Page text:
The Shia Factor in Bahrain

The Constitution of Bahrain designates the Amir, the Supreme Commander of the Armed Forces. Traditionally, the members of Al Khalifa have held the most prominent military posts. As in other Gulf states, the ruling family exercises strong control on the national security apparatus. In the ‘70s and ‘80s the professional bias of the Bahraini Defence Force was towards internal security as the Islamic Revolutionary regime in Iran sought to exacerbate Shia-Sunni fissures.

1 2
Rate this Article
Collapse
VN:F [1.9.16_1159]
2 votes cast
Jasmine Revolution: Make or Break in Bahrain?, 4.5 out of 5 based on 2 ratings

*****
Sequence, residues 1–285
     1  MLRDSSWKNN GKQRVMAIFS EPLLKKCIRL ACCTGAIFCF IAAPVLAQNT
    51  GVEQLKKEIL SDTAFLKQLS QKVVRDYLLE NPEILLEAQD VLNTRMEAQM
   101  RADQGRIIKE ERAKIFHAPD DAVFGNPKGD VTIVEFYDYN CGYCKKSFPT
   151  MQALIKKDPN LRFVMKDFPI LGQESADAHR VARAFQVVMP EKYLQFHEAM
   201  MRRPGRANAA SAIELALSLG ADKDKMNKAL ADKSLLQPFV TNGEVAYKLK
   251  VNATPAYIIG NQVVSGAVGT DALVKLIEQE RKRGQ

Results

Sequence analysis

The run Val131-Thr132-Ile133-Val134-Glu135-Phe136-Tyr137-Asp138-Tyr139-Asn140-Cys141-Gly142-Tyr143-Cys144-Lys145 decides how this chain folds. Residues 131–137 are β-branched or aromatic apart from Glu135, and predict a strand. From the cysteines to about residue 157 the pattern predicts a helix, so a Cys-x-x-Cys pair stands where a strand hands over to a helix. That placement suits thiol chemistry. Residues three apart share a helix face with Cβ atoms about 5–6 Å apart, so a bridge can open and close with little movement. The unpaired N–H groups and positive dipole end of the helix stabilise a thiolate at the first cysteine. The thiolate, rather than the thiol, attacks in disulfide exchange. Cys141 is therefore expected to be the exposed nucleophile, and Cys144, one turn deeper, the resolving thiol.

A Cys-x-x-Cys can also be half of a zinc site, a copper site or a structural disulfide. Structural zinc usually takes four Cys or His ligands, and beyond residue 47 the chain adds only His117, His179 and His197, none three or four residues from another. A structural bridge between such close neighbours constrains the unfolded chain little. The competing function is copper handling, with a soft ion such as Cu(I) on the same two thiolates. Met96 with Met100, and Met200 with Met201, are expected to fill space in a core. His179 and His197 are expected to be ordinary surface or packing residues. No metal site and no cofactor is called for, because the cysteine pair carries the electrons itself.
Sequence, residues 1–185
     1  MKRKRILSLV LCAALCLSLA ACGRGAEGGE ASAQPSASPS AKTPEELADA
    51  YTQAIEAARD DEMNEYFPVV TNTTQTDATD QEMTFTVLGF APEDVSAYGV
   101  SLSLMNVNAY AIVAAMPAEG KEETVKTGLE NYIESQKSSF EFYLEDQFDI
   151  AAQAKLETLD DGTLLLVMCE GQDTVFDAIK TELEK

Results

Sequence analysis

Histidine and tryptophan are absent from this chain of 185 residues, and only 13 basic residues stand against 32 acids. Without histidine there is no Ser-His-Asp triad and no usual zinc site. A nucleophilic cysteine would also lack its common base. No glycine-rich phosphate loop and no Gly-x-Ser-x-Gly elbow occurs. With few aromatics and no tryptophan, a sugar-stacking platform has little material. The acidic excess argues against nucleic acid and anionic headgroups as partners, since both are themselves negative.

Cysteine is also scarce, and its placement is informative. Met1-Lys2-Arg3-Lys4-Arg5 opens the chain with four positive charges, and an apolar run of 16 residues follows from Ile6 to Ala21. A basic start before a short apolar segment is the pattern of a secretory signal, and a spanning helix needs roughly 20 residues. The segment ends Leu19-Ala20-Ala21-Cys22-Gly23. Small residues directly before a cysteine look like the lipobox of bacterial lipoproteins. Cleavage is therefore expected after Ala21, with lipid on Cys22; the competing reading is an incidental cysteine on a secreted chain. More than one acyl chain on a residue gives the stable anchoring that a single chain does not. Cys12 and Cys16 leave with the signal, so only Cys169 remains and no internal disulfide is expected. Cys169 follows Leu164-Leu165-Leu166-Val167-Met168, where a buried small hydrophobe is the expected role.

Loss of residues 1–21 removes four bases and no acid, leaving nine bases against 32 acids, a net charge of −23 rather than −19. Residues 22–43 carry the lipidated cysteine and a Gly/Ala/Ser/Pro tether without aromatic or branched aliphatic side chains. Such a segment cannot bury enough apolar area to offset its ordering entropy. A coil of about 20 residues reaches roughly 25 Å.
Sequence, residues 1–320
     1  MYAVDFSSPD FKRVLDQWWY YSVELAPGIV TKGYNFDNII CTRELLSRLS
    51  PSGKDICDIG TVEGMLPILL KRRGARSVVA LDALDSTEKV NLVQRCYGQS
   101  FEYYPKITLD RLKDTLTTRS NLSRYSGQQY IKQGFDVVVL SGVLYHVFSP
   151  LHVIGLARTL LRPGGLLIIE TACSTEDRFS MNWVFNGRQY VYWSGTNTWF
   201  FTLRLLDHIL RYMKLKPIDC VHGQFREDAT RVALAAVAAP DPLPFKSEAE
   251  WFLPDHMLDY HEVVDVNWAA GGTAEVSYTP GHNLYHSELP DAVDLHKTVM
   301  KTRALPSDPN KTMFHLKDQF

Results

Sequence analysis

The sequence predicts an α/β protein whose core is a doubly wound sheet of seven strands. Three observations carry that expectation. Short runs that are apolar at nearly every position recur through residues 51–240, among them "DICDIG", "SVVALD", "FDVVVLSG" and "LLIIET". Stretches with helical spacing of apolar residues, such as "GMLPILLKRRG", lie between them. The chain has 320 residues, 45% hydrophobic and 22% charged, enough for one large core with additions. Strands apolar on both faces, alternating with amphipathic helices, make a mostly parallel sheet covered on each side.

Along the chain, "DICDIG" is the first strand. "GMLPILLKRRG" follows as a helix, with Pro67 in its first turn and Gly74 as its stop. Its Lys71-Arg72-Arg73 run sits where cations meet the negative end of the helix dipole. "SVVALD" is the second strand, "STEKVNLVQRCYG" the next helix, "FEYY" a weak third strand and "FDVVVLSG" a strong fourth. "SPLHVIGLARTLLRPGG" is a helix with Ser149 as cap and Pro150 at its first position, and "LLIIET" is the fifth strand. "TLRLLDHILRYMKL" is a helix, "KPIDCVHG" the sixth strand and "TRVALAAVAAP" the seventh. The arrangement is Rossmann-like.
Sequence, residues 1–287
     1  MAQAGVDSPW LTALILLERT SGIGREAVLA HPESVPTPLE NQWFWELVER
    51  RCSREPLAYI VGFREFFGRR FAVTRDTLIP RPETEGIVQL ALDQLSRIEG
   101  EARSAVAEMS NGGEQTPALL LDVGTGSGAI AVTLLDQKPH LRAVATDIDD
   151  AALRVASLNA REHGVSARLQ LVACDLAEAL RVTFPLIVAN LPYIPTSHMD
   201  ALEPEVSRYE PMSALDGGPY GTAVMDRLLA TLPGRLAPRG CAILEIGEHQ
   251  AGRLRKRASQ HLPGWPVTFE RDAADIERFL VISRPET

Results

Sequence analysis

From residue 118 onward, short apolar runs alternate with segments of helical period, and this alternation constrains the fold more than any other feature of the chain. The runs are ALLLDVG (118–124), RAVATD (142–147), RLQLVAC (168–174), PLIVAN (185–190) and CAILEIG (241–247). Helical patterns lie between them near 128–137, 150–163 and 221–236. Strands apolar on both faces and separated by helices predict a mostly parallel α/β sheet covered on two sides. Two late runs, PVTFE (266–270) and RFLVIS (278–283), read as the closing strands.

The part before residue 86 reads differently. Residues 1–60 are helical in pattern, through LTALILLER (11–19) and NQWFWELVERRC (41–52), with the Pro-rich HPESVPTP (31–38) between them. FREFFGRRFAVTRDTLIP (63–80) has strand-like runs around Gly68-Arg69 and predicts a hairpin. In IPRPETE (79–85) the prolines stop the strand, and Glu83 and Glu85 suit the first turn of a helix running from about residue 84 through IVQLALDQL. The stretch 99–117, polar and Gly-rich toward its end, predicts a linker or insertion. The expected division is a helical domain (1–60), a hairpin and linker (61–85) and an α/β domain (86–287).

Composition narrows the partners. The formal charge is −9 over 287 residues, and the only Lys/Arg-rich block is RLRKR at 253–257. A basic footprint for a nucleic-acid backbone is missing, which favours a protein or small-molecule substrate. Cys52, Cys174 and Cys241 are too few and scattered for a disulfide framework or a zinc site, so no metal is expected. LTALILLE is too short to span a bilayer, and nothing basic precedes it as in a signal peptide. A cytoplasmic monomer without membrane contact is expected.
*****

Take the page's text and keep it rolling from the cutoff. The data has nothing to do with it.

The views expressed are of the author and do not necessarily represent the opinions or policies of the Indian Defence Review.

About the Author

RSN Singh

is a former military intelligence officer who later served in the Research and Analysis Wing, or R&AW and author of books Asian Strategic and Military Perspective and The Military Factor in Pakistan. His latest book is The Unmaking of Nepal.

More by the same author

Post your Comment

*

2000characters left